Streptococcus pneumoniae IgG Antibodies, 23 Serotypes, Serum
NY State Approved Indicates the status of NY State approval and if the test is orderable for NY State clients.
Assessing the response to active immunization with nonconjugated, 23-valent vaccines
Determining the ability of an individual to respond to polysaccharide antigen(s)
Reporting Name A shorter/abbreviated version of the Published Name for a test; an abbreviated test name
S. pneumoniae IgG Ab,23 serotypes,S
Pneumococcal Antibody (IgG) 23 Serotype Panel
Strep Pneumo Antibodies
Strep Pneumoniae Antibody
Strep Pneumo Antibodies
Strep Pneumoniae Antibody
Specimen Type Describes the specimen type needed for testing
Specimen Required Defines the optimal specimen. This field describes the type of specimen required to perform the test and the preferred volume to complete testing. The volume allows automated processing, fastest throughput and, when indicated, repeat or reflex testing.
Preferred: Red top
Acceptable: Serum gel
Specimen Volume: 0.5 mL
Forms: If not ordering electronically, submit a General Request Form (Supply T239) with the specimen.
Specimen Minimum Volume Defines the amount of specimen required to perform an assay once, including instrument and container dead space. Submitting the minimum specimen volume makes it impossible to repeat the test or perform confirmatory or perform reflex testing. In some situations, a minimum specimen volume may result in a QNS (quantity not sufficient) result, requiring a second specimen to be collected.
Mild OK; Gross reject
Mild OK; Gross reject
Mild OK; Gross OK
Specimen Stability Information Provides a description of the temperatures required to transport a specimen to the laboratory. Alternate acceptable temperature(s) are also included.
|Serum||Refrigerated (preferred)||14 days|
Clinical Information Discusses physiology, pathophysiology, and general clinical aspects, as they relate to a laboratory test
Streptococcus pneumoniae causes infectious diseases in children and adults, including invasive infections (eg, bacteremia and meningitis) and infections of the respiratory tract (eg, pneumonia and otitis media).(1,2) Streptococcus pneumoniae is responsible for approximately 40,000 deaths and 500,000 cases of pneumonia annually in the United States. There are more than 90 serotypes of Streptococcus pneumoniae. The serotypes responsible for disease vary with age and geographic location. In children <6 years, 7 serotypes (4, 6B, 9V, 18C, 19F, and 23F) account for 80% of invasive disease and up to 100% of all isolates that are highly resistant to treatment with penicillin.(3,4)
In adults, risk factors for pneumococcal disease include chronic cardiovascular diseases, chronic pulmonary diseases, diabetes, alcoholism, asthma, and treatment with corticosteroids. The highest risk situations are associated with immunosuppression, including those that are disease associated (eg, multiple myeloma or iatrogenic, asplenia [sickle cell disease], neutropenia, and humoral immune deficiencies).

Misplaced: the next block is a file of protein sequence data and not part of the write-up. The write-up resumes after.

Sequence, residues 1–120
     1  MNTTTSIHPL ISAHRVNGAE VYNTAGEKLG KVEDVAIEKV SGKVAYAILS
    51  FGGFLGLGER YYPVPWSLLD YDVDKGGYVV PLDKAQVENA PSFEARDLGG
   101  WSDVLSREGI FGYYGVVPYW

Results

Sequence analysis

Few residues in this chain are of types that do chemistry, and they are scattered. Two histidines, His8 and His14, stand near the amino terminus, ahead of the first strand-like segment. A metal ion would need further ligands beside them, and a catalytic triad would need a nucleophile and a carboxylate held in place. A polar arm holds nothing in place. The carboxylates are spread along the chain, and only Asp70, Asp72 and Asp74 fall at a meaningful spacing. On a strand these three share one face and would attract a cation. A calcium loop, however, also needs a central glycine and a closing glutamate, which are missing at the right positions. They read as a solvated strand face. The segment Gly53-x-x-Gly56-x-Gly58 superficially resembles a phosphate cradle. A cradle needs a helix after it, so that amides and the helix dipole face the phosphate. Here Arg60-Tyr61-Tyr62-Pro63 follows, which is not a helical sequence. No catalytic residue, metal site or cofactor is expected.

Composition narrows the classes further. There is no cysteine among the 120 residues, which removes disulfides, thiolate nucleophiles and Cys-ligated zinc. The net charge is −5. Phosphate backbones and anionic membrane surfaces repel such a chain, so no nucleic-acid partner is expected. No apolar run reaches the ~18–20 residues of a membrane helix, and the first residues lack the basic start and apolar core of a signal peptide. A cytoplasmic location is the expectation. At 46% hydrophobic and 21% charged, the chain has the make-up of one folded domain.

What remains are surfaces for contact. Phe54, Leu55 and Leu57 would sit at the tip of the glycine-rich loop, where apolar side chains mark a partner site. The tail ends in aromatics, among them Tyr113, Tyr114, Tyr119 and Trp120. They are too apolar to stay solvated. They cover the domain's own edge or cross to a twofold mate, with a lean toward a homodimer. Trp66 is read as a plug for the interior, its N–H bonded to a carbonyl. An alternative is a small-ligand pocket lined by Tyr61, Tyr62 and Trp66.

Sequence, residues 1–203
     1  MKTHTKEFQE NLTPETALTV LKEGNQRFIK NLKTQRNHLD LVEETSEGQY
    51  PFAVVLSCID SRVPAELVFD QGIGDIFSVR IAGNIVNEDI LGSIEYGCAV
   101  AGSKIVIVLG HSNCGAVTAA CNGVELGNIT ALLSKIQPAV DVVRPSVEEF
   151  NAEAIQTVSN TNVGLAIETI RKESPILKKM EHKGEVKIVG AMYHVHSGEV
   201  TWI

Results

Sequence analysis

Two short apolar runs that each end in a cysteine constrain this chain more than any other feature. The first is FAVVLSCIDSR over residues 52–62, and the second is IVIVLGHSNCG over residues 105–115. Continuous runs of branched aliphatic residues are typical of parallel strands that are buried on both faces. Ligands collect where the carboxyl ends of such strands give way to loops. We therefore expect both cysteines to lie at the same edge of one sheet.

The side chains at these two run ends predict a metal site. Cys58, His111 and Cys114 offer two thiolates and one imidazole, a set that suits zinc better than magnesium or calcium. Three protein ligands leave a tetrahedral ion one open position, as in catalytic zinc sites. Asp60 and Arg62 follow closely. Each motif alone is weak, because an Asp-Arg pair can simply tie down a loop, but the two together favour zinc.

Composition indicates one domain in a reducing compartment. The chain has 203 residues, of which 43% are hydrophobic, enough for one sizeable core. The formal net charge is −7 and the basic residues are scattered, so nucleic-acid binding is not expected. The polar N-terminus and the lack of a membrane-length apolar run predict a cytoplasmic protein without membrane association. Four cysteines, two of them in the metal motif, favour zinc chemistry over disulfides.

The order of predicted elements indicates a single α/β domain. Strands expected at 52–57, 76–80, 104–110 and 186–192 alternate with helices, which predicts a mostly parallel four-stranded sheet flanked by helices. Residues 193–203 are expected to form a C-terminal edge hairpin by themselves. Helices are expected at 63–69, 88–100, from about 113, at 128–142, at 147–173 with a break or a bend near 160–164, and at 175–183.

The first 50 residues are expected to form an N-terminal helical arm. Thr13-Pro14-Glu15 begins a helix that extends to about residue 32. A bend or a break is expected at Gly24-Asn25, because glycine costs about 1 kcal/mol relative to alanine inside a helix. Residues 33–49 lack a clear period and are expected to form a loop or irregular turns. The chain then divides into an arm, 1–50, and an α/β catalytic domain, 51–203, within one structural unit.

Bacterial polysaccharides elicit antibodies in children by a T-cell independent mechanism and immune responses to polysaccharide antigens such as Streptococcus pneumoniae are generally poor in children <2 years of age. Active immunization of children <2 years requires multiple injections of vaccine prepared from purified polysaccharides conjugated to an immunogenic carrier (Corynebacterium diptheria strain C7 protein). The recommended vaccine for children <2 years (Prevnar) contains the 7 serotypes mentioned above, and is administered in 4 doses. The vaccine is highly effective in preventing invasive disease in children with reported efficacy of 88% to 100%. Active immunization of adults and children >2 years is performed with unconjugated polysaccharide vaccines that contain additional serotypes (eg, PNEUMOVAX or Pnu-Imune 23). PNEUMOVAX and Pnu-Imune 23 contain 23 different purified polysaccharides from serotypes that account for 90% of the isolates from blood and 85% of isolates from normally sterile body fluids. Protective levels of antibodies develop in nonimmunocompromised adults and older children approximately 3 weeks following immunization and overall rates of efficacy range from 60% to 80% for protection against pneumonia and bacteremia. Serotype-specific antibodies persist for up to 10 years following immunization.
Reference Values Describes reference intervals and additional information for interpretation of test results. May include intervals based on age and sex when appropriate. Intervals are Mayo-derived, unless otherwise designated. If an interpretive report is provided, the reference value field will state this.
Results are reported in mcg/mL.
The minimum concentration of IgG antibody necessary to insure protection against invasive disease has not been determined for any serotype of Streptococcus pneumoniae.
It is not possible at this time to define a universal "normal value" for IgG antibodies to Streptococcus pneumoniae serotypes that is appropriate for all healthy adults and children >2 years of age, either prior to or following immunization with unconjugated vaccines. The normal value cutoffs were determined from measurements in healthy, nonimmunized adults in Rochester, MN, and are offered as guidelines for comparison with adult persons elsewhere.
As a general guideline, nonimmunocompromised adults respond to immunization with unconjugated vaccines by approximately 3 weeks following immunization, and the concentrations of IgG antibodies to Streptococcus pneumoniae serotypes often show at least a 2-fold increase (paired sera). The number of different serotypes to which healthy adults respond is variable. The minimum serologic response necessary to identify an individual as "normal" has not been defined, either for the number of serotypes or the magnitude of response in units of concentration.
Serotype-specific antibodies may persist for up to 10 years following immunization or infection.
Cautions Discusses conditions that may cause diagnostic confusion, including improper specimen collection and handling, inappropriate test selection, and interfering substances
The humoral immune response to Streptococcus pneumoniae is age dependent and the database of IgG antibody concentrations to different serotypes is incomplete. Protective levels of IgG antibodies to Streptococcus pneumoniae are not defined for any serotype.
Clinical Reference Provides recommendations for further in-depth reading of a clinical nature